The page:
7 On Your Side: CARFAX correction when vehicle history report has a big mistake

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Thursday, April 14, 2022
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It was a last-minute CARFAX confusion when one New Jersey car owner found her vehicle history report had one big error costing her thousands. Nina Pineda has the story.

NEW JERSEY (WABC) -- It was a last-minute CARFAX confusion when one New Jersey car owner found her vehicle history report had a big error costing her thousands.

It's a great reminder in this age of spiraling inflation that it's more important than ever to troubleshoot errors in everything from a CARFAX to your credit report that could cost you big bucks.

"We were working on our deal, and then the manager came out and said, 'Are you aware that your car was totaled?'" Yvonne McMahon said. "And I was like, 'What are you talking about?'"

McMahon went to sell her Toyota 4Runner and was offered $15,000 for the 12-year-old car, until a "total loss vehicle" showed up on her history report.

"He goes, 'Yeah, in 2012, your car was reported as totaled,'" she said.

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A decade ago, the car was hit on the way to Sesame Place with the kids, but it was a minor fender bender, not totaled, and it didn't even go through McMahon's insurance but may have gone through the other driver's insurance.

"I was like, 'That's not correct,'" she said. "He's like, 'Well, that's going to cause you a problem.'"

That problem sent the price plummeting from $15,000 to just $10,000 for the SUV.

With two kids to raise and the price of everything going up, it was a loss McMahon wasn't willing to take.

She immediately tried to contact CARFAX to correct the report.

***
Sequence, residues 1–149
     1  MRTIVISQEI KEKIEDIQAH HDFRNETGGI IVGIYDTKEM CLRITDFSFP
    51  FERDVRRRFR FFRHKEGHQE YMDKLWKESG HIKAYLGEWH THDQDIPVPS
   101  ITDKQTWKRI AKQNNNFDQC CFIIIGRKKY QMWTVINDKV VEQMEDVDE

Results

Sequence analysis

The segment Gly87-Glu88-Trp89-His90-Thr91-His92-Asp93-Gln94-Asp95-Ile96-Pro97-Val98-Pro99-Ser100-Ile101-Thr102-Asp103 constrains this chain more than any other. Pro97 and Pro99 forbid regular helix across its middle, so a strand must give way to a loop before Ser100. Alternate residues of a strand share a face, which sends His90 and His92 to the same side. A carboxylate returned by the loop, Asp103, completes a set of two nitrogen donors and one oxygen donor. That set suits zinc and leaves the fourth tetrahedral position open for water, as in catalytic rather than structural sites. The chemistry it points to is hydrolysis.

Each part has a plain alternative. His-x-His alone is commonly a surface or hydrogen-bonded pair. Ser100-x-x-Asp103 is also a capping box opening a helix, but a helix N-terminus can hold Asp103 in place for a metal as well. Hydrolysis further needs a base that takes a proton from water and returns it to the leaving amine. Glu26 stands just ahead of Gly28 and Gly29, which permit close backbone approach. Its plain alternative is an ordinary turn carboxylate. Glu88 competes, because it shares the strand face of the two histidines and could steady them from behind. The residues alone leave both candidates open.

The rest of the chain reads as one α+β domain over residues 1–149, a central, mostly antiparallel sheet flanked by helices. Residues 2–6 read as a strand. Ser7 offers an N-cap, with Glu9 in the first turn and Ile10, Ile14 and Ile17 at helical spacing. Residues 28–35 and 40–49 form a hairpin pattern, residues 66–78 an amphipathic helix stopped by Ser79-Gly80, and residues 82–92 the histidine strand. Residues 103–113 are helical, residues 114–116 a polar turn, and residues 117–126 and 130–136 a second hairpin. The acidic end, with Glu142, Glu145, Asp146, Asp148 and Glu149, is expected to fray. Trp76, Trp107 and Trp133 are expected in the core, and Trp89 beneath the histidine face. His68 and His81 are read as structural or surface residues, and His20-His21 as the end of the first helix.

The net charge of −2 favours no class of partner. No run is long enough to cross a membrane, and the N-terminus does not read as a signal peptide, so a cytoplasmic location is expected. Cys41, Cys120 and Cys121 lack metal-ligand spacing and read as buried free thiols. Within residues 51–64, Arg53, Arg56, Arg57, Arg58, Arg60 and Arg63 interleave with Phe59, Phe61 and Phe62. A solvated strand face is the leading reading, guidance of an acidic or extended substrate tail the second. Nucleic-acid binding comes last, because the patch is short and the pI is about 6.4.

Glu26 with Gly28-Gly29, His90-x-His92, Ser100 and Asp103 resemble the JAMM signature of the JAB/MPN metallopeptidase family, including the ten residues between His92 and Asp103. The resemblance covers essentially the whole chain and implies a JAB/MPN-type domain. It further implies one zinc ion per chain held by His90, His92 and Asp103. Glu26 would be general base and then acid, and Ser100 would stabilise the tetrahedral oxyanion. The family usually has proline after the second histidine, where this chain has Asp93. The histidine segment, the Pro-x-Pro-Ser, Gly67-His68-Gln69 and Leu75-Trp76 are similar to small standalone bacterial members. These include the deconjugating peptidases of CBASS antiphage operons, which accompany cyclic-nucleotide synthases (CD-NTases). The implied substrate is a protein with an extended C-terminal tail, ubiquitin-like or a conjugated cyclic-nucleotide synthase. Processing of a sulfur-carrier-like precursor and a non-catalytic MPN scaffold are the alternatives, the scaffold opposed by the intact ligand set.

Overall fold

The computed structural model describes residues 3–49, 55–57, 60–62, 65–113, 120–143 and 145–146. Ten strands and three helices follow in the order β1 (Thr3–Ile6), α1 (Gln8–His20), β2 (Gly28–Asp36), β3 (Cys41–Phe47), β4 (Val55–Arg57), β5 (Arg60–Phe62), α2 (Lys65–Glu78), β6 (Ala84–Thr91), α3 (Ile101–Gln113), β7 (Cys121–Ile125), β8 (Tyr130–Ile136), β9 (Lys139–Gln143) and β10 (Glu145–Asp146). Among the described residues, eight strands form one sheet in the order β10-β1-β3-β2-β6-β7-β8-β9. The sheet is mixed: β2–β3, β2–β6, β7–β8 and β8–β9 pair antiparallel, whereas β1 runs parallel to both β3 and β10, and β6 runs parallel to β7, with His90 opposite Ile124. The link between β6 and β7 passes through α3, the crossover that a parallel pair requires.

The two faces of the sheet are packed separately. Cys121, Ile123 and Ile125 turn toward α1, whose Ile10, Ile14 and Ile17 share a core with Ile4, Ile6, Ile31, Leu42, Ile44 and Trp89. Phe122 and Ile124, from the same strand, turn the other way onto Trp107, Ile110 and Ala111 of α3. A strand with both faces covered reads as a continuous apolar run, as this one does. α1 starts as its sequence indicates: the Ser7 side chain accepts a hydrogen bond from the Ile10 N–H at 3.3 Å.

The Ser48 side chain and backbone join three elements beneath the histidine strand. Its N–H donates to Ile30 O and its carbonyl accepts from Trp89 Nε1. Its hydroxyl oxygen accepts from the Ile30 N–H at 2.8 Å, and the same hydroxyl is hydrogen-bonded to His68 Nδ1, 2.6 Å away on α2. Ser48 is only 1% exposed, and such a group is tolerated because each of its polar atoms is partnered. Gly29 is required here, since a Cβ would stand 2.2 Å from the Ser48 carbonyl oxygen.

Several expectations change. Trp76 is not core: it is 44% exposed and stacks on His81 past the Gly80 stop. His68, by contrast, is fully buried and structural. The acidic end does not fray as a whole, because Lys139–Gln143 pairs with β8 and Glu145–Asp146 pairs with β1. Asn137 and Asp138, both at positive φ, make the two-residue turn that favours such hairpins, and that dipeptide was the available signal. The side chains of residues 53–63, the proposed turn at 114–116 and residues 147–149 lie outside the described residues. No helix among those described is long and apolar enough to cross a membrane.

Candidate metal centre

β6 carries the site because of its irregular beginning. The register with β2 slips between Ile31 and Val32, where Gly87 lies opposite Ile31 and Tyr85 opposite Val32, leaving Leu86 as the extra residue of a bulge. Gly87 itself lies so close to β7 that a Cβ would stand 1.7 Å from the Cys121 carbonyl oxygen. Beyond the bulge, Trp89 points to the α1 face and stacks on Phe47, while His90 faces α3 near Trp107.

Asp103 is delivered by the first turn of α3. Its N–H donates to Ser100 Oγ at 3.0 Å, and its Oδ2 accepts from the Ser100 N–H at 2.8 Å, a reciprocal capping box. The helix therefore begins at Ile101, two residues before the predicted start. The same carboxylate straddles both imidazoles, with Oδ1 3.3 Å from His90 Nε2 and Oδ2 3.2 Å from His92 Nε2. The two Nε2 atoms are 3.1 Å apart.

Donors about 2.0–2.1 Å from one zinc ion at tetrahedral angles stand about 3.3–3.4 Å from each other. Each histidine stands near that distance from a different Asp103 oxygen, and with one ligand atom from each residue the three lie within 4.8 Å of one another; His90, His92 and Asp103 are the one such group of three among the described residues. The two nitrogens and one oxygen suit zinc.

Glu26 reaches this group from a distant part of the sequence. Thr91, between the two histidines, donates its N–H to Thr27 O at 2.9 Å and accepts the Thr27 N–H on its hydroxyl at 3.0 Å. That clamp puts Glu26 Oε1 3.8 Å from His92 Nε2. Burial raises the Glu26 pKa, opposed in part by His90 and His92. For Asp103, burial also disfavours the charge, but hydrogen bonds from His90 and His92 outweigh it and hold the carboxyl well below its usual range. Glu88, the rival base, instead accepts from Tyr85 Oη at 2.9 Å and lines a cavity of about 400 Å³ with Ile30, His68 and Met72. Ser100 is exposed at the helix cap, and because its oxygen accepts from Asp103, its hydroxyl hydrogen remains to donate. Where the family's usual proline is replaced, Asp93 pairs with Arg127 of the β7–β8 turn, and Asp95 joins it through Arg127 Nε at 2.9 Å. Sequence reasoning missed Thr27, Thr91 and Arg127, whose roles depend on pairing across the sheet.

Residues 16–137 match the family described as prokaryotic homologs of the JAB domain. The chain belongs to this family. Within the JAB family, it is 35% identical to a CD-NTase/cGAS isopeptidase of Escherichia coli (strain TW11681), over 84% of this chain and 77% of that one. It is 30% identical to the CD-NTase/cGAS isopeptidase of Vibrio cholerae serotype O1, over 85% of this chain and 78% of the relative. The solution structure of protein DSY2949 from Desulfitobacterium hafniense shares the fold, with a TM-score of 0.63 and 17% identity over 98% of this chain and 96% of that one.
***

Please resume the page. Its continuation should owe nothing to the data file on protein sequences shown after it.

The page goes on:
"They can't tell me who it is," she said. "All they can tell me is that it's not my insurance company."

It takes a lot of work to fix errors on car and credit history. You must dispute each one, in writing, with the company reporting.

When it comes to credit scores, the difference of a few points could mean a higher interest credit card or loan rate. And a mistake like a total loss declared on your vehicle could cut the price almost in half.

"Mistakes don't happen often, but when they do, we want to make the report better, right, and we don't want to have errors," CARFAX spokesperson Emilie Voss said.

Voss said CARFAX gets reports from about 131,000 sources and upload on average about 5 million records a day, sometimes getting multiple reports on a single event.

CARFAX says each case is different, so it assists each consumer to help resolve their individual issue the best they can. In this case, McMahon was instructed to check three sources for proof.

1) Your Car Insurance

2) Damage Repair Invoice or Receipt

3) Police Report

"Often times on a police report, it says the other insurance companies involved outside of yours," Voss said.

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CARFAX double-checked and saw the incident was only bumper damage.

"There was not a total loss on the vehicle, as was originally reported," Voss said. "So we removed the total loss from the vehicle history report."

Getting that removed added $7,000 to the car's worth.

"We were able to put more money down on a new car," McMahon said. "Oh my God, you guys are amazing. Than you so much, 7 On Your Side. Without you guys, I don't know what I would do."

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